Imagine waking up one morning to learn that your state has been definitively proven to be the “least fun” in the US. That’s a reality for West Virginians discovering a new WalletHub report about the country’s “most fun” states — though the findings aren’t exactly scientific.

The report compared all 50 states using 26 indicators of fun, including how many movie theaters there are per capita, accessibility to national parks, casinos per capita, and more. Yes, everyone’s concept of fun is vastly different. Yes, trying to settle on a common definition of fun is harder than agreeing on Monopoly rules, but why pass up an opportunity to dunk on West Virginia, Mississippi, and Delaware?

Despite the overwhelming subjectivity of this study’s premise, let’s break down why, exactly, states like West Virginia are considered no fun. Two key categories were considered in determining the rankings of the most fun states: Entertainment & Recreation and Nightlife. Then, metrics like “most casinos per capita” were graded on a 100-point scale for each state, and weighted averages were determined for each state to arrive at a total score.

The results were good news for California (as if it really needed the hype), which scored higher than any other state. Following closely behind are Florida, Nevada, and New York, with Colorado, Washington, Texas, Minnesota, Illinois, and Pennsylvania also cracking the top 10. California’s abundance of restaurants, movie theaters, performing arts venues, and fitness centers really put it over the top.

West Virginians, however, are probably curious why their state got snubbed. Well, it’s seemingly because they don’t have enough performing arts centers (though West Virginia’s Historic Theater Trail should not be looked over), fitness centers, and lack of variety in their arts, entertainment, and recreation establishments. Nevermind the fact that many consider fitness the opposite of fun and would rather go hiking to see incredible waterfalls like the ones found throughout West Virginia. The state is also tied for the lowest personal expenditures spent on recreation services. Because, you know, more expensive recreation is always more fun recreation.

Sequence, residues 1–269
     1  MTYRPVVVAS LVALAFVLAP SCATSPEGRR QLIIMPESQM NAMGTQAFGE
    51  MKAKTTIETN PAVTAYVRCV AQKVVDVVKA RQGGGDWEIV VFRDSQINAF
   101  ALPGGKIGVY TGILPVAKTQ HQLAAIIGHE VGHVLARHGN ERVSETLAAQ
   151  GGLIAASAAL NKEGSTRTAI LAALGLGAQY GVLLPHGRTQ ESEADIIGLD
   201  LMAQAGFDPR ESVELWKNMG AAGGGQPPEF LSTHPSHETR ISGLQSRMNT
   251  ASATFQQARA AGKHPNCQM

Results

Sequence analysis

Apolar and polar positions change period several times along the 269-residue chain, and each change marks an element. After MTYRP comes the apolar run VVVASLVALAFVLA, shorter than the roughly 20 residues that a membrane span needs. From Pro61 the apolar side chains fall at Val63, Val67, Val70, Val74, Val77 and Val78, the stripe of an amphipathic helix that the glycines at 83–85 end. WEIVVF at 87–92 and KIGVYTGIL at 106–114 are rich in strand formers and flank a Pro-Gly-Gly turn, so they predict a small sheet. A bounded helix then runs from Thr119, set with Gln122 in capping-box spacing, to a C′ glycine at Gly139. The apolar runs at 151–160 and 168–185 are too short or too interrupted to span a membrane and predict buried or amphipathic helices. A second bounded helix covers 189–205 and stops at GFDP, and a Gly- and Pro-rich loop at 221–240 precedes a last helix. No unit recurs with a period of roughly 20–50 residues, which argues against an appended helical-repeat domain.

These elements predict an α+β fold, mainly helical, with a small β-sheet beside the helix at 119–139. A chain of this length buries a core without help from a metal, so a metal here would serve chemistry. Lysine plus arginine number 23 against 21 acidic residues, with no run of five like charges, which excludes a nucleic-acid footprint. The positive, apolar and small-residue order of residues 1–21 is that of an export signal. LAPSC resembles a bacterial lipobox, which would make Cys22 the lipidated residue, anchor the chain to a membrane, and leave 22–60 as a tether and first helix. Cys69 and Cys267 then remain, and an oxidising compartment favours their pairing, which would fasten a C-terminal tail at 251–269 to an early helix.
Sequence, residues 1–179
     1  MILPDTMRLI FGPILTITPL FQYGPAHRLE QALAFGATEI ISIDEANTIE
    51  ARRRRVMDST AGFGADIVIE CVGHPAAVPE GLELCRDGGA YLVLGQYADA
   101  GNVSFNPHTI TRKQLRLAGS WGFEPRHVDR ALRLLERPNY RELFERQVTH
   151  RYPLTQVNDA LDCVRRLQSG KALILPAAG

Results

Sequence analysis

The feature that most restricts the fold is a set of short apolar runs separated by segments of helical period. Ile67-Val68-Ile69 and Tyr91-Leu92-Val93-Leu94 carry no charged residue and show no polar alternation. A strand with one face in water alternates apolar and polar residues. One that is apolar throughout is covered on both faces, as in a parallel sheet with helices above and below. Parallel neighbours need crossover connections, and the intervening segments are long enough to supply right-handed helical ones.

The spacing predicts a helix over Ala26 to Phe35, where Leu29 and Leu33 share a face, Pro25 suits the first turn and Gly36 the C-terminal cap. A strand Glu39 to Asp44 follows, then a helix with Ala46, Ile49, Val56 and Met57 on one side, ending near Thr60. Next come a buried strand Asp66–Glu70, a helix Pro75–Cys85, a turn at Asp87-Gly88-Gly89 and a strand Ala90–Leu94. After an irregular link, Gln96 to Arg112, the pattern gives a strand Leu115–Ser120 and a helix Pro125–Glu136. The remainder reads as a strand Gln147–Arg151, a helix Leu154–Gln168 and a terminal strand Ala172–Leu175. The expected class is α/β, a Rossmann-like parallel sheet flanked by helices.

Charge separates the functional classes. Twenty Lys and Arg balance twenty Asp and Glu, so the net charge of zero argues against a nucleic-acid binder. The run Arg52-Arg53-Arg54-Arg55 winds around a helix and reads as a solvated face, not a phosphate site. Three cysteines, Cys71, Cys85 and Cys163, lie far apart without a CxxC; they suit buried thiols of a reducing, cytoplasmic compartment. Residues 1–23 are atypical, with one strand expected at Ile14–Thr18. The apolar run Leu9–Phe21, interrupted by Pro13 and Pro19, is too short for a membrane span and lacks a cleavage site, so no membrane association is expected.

But don’t cancel your trip to West Virginia just yet. Or Mississippi, Delaware, Arkansas, or Rhode Island either, for that matter. Ranking states by “fun” is as arbitrary as ranking states by the most popular music in a state. The volume of golf courses in a state does not correlate with “fun” unless you’re an avid golfer. It does, however, correlate with the number of preppy 20-somethings in your city crushing beers in broad daylight. To many, that alone might be reason enough not to live there.

Trying to squeeze a decidedly subjective topic into a set of objective criteria can be an interesting exercise, but it’s by no means an accurate reflection of reality. Not only are there thousands of potentially fun activities — certainly more than 26 — there’s also likely massive disagreement over whether most of those activities are fun at all.

So don’t feel too bad, West Virginia. And California, don’t let it go to your head. If fun were a measurable data point, it wouldn’t be very fun at all, now would it?